What's the end goal? GIF can only have 1bit alpha, so you'll end up with bad masking, if you're trying to use the animation on top of something else that's unknown. MPEG4/H.264 does support an alpha channel, but you may have difficulty generating what you're after.
If the end goal is for use on the web, CSS3 animation can do what you're after with just the two images.
If the end goal is for use in an iOS app, then again, there's ways to animate using CoreAnimation that will only require the two sides as individual PNG images.
If the end goal is for use as part of a video, then you may be better off doing the 3D rotate within Final Cut Pro X or Premier or whatever you're editing in.
If the end goal is for use in a presentation, then Keynote can do the card flip already.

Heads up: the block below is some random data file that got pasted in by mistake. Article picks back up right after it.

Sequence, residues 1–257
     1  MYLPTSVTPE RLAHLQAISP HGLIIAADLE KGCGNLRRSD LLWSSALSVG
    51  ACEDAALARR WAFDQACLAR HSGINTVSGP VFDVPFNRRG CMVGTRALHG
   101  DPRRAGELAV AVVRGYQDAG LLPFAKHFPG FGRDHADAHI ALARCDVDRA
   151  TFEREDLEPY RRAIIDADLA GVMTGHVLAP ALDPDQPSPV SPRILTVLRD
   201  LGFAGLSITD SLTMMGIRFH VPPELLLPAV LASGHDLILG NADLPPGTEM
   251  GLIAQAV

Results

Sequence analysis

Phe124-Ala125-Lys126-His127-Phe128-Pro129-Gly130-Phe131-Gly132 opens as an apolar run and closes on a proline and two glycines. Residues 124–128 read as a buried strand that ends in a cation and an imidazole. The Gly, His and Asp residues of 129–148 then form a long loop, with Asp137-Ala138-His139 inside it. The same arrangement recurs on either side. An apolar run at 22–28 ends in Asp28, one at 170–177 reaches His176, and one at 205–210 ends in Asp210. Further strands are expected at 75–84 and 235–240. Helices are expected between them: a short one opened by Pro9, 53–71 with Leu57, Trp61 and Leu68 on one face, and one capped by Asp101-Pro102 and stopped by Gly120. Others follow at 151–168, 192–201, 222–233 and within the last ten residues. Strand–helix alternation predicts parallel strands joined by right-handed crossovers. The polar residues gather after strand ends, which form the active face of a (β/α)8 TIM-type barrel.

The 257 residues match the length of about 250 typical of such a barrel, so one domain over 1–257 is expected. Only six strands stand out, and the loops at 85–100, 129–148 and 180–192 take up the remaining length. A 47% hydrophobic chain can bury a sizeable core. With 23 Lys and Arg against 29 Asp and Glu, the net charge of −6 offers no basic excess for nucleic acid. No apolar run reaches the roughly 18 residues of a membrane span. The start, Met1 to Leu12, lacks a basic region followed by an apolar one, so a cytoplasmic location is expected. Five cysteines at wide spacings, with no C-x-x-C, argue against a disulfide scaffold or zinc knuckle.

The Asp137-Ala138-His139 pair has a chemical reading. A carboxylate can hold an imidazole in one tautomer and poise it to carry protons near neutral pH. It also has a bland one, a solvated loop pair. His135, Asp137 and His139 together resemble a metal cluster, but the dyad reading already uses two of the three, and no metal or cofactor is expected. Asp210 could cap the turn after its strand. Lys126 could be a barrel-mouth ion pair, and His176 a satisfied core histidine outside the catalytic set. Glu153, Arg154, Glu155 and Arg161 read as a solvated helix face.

So I think the best solution may be a totally different approach. If you do want to animate within Illustrator or Photoshop, then you'll probably have to create each frame individually — a painful and slow process that will make things like getting timing and easing right very difficult. For example, you may want to have the animation start slow, pick up speed, then slow down near the end. It's easy to have an ease-in-out timing curve with CSS3 animation or CoreAnimation, but harder when you're editing by hand.